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cdevroe
cdevroe

The scientific method affords that entrenched ideas can and should be overturned. But I do find the flip/flops humorous. Like this one. It proves my point in yesterday’s Random 60.

smokey
smokey

@cdevroe Except in this case, as the NPR story points out, it’s not so much the scientific method overturning an entrenched idea with new data as a bunch of people coming from a drug-trial-science background decided they didn’t believe (and therefore gave no weight to) the existing studies because those didn’t use their field’s methodology. It sounds like far from the open-and-shut case the mainstream media is making it out to be….

In reply to
cdevroe
cdevroe

@smokey isn't that always the case? ugh

dgreene196
dgreene196

@smokey They did given them weight, just minimal. I read through the study this morning, and it's not great. Many of the references are meta-analyses the group put together that are being published in the same journal this month. So, essentially, you can't even interpret the data without reading other articles because there isn’t any actual data in the article. Sigh. As far as observational studies go, cohort studies ARE good studies. And they're useful if they are big to determine small differences and minimizing all the other potential factors that could lead to changes. It certainly feels as though the authors had their own bias against previous nutritional recommendations and sought to use different methodologies to be controversial. And I say that as someone who loves red meat (though I prefer it to be grass-fed, which may have some nutritional benefits to grain-fed). And bacon. I'd be slightly more impressed if this work was a precursor to their own efforts to assess this question with a controlled study. But it's not.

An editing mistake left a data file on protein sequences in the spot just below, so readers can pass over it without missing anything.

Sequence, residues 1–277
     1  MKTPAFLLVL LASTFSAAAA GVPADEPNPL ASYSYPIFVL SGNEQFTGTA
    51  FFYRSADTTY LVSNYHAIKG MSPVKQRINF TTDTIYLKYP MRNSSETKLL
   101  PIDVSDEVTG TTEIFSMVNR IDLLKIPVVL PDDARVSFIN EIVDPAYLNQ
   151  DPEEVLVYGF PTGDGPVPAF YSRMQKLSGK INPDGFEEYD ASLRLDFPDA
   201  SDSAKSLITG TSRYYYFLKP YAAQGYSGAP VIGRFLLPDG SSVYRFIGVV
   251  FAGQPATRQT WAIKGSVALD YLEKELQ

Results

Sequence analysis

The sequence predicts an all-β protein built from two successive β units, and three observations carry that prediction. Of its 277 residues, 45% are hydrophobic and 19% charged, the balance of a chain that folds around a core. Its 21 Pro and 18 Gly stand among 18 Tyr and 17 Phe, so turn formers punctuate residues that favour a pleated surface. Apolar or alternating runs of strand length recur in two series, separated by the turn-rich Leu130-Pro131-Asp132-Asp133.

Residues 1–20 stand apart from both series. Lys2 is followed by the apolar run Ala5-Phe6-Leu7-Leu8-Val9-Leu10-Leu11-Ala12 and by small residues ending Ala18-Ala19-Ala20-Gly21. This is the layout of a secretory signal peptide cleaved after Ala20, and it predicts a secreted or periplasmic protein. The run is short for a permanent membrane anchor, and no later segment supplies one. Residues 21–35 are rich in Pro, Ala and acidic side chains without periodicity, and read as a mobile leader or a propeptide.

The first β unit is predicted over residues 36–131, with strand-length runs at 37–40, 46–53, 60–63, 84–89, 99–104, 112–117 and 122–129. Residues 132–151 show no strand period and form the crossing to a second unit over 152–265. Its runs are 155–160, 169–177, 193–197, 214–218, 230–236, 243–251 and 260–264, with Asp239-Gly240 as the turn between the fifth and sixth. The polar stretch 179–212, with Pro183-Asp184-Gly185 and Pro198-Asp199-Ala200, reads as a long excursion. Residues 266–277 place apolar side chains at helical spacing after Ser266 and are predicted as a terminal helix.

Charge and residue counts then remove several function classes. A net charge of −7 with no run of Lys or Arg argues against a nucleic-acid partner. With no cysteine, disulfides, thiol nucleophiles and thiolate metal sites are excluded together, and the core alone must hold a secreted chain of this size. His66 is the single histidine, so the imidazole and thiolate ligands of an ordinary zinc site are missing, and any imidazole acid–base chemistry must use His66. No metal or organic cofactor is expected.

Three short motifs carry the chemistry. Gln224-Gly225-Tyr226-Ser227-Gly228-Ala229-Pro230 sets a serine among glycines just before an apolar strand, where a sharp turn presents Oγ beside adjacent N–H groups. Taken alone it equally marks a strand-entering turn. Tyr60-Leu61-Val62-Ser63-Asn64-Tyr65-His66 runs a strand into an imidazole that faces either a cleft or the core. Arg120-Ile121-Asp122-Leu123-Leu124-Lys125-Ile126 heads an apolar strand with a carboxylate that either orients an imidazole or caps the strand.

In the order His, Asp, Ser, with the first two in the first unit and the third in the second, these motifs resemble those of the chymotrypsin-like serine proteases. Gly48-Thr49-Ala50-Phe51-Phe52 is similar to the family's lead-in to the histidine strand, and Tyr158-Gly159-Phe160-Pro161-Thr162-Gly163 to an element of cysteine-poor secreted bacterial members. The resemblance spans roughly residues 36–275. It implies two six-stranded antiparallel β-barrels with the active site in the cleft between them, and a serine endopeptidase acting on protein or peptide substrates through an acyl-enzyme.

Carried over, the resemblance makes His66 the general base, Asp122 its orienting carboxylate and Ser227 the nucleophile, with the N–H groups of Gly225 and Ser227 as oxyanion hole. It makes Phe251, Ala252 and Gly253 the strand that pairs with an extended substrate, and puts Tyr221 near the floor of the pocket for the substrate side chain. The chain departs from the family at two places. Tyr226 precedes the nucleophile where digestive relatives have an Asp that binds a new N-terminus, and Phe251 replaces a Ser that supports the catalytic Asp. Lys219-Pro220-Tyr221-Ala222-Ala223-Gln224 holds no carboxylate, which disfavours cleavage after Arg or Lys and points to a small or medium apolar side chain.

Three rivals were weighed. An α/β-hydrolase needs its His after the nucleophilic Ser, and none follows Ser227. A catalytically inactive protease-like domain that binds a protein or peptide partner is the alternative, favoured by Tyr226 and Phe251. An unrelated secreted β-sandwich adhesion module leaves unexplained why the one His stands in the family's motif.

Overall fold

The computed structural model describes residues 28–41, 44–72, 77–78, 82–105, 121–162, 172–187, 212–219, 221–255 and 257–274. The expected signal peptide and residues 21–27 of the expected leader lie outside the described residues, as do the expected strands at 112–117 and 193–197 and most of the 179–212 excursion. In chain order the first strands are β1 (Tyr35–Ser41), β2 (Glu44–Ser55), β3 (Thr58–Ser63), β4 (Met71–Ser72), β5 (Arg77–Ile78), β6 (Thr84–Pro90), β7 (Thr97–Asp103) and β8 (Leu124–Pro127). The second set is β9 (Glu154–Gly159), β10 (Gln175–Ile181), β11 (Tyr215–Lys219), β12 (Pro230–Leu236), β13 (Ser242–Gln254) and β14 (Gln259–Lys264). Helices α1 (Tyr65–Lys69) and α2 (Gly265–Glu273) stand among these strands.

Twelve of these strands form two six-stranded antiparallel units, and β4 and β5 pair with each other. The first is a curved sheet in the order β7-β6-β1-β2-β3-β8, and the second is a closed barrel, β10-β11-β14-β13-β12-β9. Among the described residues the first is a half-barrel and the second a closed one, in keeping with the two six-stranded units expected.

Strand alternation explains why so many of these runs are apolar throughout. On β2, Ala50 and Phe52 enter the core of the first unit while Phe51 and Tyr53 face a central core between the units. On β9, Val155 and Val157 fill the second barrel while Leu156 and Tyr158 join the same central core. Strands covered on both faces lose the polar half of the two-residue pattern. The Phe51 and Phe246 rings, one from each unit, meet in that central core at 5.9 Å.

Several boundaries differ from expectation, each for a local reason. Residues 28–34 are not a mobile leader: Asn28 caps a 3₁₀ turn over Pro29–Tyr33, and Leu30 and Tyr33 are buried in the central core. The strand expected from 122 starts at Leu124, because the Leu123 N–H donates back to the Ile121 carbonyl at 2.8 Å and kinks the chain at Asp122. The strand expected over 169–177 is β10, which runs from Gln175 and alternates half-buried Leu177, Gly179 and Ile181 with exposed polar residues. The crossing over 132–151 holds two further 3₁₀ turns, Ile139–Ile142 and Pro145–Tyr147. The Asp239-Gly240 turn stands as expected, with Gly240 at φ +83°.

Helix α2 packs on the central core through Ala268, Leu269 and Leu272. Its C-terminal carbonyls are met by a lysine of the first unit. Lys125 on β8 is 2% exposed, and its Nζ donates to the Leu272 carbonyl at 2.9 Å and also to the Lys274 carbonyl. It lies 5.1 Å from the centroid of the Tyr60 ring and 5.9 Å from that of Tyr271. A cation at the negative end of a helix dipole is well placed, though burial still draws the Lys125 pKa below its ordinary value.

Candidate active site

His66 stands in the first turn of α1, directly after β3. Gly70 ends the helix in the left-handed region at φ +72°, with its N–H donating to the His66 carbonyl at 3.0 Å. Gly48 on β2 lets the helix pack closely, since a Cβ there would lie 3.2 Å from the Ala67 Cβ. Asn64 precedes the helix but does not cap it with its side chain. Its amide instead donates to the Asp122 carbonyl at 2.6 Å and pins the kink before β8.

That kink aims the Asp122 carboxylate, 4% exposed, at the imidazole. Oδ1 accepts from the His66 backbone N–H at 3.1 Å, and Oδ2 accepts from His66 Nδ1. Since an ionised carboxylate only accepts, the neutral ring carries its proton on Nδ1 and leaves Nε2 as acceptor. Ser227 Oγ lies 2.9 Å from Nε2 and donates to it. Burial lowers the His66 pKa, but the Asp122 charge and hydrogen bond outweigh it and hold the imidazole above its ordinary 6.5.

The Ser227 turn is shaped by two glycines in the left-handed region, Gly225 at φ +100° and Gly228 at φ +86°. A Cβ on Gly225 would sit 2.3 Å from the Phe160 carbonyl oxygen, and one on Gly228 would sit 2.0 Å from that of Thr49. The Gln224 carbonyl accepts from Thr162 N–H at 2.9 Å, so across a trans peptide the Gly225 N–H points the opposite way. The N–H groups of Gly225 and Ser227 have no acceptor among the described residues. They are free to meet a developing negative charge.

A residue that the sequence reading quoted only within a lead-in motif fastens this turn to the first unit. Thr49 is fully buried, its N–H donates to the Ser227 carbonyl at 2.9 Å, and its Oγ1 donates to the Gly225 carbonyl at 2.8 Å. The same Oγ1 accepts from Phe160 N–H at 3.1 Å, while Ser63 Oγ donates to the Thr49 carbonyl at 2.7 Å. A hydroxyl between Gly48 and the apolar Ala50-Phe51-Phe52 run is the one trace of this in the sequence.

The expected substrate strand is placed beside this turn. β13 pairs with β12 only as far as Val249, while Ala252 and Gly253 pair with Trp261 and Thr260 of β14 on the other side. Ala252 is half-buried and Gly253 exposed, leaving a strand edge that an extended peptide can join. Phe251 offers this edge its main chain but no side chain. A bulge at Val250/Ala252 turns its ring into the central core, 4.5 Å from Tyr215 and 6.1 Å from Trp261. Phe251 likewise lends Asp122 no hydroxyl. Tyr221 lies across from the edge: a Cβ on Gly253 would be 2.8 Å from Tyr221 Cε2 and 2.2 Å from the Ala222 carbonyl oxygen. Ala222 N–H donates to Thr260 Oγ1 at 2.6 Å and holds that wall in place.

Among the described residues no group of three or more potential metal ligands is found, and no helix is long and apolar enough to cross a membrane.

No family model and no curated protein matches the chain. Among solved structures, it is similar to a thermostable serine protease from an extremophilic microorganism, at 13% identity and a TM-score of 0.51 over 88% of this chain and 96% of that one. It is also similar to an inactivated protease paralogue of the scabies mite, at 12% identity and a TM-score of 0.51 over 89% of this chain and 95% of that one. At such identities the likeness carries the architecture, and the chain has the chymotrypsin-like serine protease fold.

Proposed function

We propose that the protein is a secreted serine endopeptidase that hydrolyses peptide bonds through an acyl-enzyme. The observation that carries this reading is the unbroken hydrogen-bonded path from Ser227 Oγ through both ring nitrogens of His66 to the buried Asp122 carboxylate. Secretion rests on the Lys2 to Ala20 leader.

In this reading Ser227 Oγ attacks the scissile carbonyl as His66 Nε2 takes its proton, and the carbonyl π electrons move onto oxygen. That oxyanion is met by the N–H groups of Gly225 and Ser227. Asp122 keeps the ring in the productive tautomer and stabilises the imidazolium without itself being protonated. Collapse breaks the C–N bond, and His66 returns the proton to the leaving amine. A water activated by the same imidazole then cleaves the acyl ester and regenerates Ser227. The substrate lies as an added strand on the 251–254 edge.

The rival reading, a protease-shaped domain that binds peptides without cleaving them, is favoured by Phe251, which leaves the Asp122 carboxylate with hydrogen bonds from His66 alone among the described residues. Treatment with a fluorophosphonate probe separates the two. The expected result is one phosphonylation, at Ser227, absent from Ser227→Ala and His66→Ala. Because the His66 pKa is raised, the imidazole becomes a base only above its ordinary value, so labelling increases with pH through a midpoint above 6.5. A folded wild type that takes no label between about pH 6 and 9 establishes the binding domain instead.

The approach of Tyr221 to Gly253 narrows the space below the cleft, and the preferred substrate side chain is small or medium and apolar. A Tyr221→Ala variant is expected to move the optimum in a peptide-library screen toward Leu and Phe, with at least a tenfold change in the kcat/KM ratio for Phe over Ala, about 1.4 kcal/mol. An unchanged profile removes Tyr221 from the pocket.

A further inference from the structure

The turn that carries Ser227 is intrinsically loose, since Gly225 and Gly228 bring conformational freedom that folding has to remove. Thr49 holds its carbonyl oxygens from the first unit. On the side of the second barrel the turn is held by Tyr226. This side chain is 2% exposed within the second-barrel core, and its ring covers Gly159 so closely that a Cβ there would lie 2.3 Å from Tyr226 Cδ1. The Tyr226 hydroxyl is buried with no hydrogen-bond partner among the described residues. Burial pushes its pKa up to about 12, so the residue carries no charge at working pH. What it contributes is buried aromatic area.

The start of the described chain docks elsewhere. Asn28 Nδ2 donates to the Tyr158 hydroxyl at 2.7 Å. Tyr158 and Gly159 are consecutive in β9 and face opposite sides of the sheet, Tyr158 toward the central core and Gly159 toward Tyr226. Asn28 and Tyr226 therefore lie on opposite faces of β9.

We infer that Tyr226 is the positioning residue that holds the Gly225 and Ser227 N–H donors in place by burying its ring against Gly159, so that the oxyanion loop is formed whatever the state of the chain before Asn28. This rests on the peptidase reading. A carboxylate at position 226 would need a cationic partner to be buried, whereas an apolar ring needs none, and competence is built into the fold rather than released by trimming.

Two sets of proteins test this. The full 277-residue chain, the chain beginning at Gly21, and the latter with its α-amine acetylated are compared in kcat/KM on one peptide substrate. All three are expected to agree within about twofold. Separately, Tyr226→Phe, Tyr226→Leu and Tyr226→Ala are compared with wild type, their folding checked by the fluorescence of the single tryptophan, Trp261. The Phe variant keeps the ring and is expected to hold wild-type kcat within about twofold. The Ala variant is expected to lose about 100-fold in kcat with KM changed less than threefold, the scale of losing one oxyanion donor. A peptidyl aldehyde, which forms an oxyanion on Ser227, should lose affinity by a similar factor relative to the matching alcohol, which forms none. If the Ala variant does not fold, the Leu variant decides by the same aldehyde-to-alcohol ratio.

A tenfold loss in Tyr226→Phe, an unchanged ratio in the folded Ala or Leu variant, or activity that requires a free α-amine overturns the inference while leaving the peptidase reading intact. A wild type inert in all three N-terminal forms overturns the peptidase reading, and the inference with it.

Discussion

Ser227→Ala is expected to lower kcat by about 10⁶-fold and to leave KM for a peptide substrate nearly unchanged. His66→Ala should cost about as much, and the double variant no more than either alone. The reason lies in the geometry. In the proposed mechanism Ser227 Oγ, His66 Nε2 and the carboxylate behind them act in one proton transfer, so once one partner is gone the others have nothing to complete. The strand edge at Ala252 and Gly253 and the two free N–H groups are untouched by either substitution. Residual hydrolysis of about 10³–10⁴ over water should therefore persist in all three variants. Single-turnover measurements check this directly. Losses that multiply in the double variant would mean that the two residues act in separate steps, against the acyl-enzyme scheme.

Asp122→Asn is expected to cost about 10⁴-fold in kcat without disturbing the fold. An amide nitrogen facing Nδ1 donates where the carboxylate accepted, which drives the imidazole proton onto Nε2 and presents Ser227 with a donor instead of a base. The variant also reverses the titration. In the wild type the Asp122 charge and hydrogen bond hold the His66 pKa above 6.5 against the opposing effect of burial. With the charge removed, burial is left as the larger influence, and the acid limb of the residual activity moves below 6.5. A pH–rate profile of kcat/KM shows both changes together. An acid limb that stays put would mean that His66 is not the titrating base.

smokey
smokey

@cdevroe Science: bringing you no clear-cut answers, just more questions, since before the dawn of time ;-)

smokey
smokey

@dgreene196 Yeah, my “no weight” was just an offhand shortcut for what I took as very minimal—but I suppose in matters of science, it’s important to be precise ;-)

Many of the references are meta-analyses the group put together that are being published in the same journal this month. So, essentially, you can't even interpret the data without reading other articles because there isn’t any actual data in the article.

But, yikes, that sounds like there really was no way the article should have been promoted as reversing the call on red meat, which seems to be the way that mainstream media understood it :-(